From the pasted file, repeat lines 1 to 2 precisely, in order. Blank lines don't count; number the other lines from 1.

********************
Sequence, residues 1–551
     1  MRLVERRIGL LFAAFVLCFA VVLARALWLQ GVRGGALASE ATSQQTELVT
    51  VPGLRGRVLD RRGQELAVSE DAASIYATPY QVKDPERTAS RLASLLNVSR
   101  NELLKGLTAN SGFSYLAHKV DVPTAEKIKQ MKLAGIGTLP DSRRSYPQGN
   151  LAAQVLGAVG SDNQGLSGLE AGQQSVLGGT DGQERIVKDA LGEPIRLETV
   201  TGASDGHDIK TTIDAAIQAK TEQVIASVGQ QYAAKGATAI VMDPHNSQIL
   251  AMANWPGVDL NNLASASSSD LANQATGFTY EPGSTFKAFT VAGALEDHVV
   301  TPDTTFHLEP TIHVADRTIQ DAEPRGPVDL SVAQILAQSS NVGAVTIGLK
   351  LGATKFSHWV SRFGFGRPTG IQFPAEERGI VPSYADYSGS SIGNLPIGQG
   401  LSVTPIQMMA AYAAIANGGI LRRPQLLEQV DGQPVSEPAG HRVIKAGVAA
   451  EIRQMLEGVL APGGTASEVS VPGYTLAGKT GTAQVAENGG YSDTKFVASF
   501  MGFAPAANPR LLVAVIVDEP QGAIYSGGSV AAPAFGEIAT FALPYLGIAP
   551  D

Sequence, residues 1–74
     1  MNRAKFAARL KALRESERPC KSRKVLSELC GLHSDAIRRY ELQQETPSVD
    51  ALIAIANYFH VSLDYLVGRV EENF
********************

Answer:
Sequence, residues 1–551
     1  MRLVERRIGL LFAAFVLCFA VVLARALWLQ GVRGGALASE ATSQQTELVT